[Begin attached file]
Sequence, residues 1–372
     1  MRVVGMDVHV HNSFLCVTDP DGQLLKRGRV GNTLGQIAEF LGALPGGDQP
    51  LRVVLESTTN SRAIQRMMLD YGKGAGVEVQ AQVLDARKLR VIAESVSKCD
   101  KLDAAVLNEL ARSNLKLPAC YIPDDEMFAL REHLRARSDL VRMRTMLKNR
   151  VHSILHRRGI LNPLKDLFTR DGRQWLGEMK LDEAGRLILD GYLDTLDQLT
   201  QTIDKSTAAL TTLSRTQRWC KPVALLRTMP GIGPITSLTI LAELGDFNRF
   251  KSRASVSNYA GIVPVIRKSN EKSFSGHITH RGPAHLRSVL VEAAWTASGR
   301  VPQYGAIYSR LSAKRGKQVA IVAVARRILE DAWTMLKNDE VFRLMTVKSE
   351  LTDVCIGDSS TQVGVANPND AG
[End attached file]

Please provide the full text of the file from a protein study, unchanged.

Sequence, residues 1–372
     1  MRVVGMDVHV HNSFLCVTDP DGQLLKRGRV GNTLGQIAEF LGALPGGDQP
    51  LRVVLESTTN SRAIQRMMLD YGKGAGVEVQ AQVLDARKLR VIAESVSKCD
   101  KLDAAVLNEL ARSNLKLPAC YIPDDEMFAL REHLRARSDL VRMRTMLKNR
   151  VHSILHRRGI LNPLKDLFTR DGRQWLGEMK LDEAGRLILD GYLDTLDQLT
   201  QTIDKSTAAL TTLSRTQRWC KPVALLRTMP GIGPITSLTI LAELGDFNRF
   251  KSRASVSNYA GIVPVIRKSN EKSFSGHITH RGPAHLRSVL VEAAWTASGR
   301  VPQYGAIYSR LSAKRGKQVA IVAVARRILE DAWTMLKNDE VFRLMTVKSE
   351  LTDVCIGDSS TQVGVANPND AG